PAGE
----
Sunday, October 11, 2015

Sunday Cemetery Harris Free Cemetery


Published the 11th of December in 1882 in the Patriot out of Harrisburg, PA
READ WITH HORROR
THE HARRIS FREE CEMETERY ARTICLE CAUSES MUCH COMMENT
A Belief That the Expose Will Aid in Remedying the Evil – Additional Facts in Relation to It – A Meeting of the Board of Trustees Called for Tuesday Night.
     The facts laid before the public by the PATRIOT on Saturday, relative to the horrible condition of the Harris Free Cemetery, caused much talk throughout the city. Although the charges were horrible and almost next to impossible, yet it was admitted on all hands that the facts were presented in such a plain and unvarnished manner as to leave no reason doubt of their truth. Among the colored people it created must comment. Yet there were none willing to dispute the terrible condition of affairs. The general opinion seemed to be that it would prove beneficial to the cemetery association in aiding them to procure necessary relief. A number of additional facts in connection with it have been gathered by PATRIOT reporters. One of these (the names of the parties for the present being with-held), is that a body was taken out to the cemetery one evening, and because no tools were at hand to dig a grave, it was placed without covering in a corner an allowed to so remain until it was necessary on account of the stench to have it interred.
     A PATRIOT reporter called ou Prof. W. Howard Day yesterday. “What in your opinion is the general feeling among the colored people in regard to the PATRIOT expose of the condition of the Harris Free Cemetery?” was asked.
     “The people as far as I have learned are satisfied that it is vastly true – too true – and that they had no reason to disbelieve even the most horrible portions of it. They have lamented the condition of the cemetery for some time but every effort to raise money and place the grounds in a respectable condition has for some reason or other failed. The old board of managers had no money and the new board is not an improvement on the old in that regard. The old board empowered a committee of women to raise funds for the purpose of constructing a new bridge over the stream to the south of the graveyard. In this they succeeded and expended about seventy dollars on a culvert at this point, but a flood afterwards washed it away.”
     “Who do you regard accountable for the state of affairs in and about the cemetery?”
     “Well, the white people are largely entitled to blame in this matter and in a double sense. The soldiers in 1877 broke down the fences, gates and tool house, and destroyed or lost the tools belonging to the cemetery, thus doing damage to the amount of nearly $200. Again, public sentiment has largely brought about this terrible shame. The doors of other cemeteries are closed to the blacks, and the only alternative left them is to bury in this miserable cow pasture. This I regard as all wrong. Death blanches alike the black and the white, and demands for all a common grave. Several efforts have been made to secure lots in the Harrisburg cemetery by respectable colored people, but they have been barred and double barred. I regard as a significant fact that the black and the white cannot lie together in “God’s acre’ even in death. The exposure will no doubt be instrumental in remedying the evil. There is no question but that the cemetery has been receptacle for the bodies of infanticide.”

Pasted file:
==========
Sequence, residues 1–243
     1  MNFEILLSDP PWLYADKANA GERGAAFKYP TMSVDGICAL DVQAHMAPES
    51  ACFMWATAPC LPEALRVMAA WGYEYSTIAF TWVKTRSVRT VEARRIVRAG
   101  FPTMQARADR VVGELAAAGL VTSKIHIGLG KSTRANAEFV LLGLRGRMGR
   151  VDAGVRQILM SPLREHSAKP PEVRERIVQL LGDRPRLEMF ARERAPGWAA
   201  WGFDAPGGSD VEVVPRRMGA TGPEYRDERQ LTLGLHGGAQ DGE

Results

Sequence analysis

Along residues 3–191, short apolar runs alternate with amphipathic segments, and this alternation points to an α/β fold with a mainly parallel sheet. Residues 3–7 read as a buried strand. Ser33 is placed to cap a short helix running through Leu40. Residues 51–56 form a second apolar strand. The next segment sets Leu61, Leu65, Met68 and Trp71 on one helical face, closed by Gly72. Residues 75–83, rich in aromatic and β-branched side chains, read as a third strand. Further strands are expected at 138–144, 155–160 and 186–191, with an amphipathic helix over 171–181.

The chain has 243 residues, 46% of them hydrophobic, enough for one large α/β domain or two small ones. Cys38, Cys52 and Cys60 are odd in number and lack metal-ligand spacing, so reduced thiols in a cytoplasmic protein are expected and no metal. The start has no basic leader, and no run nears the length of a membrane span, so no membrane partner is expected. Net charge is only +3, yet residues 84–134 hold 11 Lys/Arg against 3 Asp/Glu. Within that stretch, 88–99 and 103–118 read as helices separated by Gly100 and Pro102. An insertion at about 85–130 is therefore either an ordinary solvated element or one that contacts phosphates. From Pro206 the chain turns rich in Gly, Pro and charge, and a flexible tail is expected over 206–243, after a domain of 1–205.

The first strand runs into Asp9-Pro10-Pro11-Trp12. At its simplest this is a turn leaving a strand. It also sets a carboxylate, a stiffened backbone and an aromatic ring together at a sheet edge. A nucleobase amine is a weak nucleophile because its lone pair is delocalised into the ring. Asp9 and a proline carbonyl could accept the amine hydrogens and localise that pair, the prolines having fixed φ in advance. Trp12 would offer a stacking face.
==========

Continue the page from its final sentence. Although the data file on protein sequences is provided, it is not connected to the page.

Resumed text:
After a chat of a few minutes with the professor, Major Simpson, secretary of the board of manages, was called on. The major said: “The sunken graves have been noticed, but there was no revenue to repair them or the fences. There are rules for the government of the cemetery, but they cannot be carried out. Some people come for a permit and other bury without it. One man came to me stating that his mother-in-law had been dead three or four days and that he had no money with which to furnish a coffin or to pay for grave digging. He went away and did not again return. It is to be presumed that he buried without permit or coffin. No record has been kept of the burials by permit ant it is impossible to give correct data in this respect. The burials by permit would average about thirty-five to forty per year, but since the Lincoln cemetery was opened there are not so many.” Mr. Simpson says that a meeting of the board of managers had been in contemplation for some time, but that the PATRIOT’S expose has hurried them up, a meeting being called for Tuesday evening when steps towards remedying the evil may be looked for.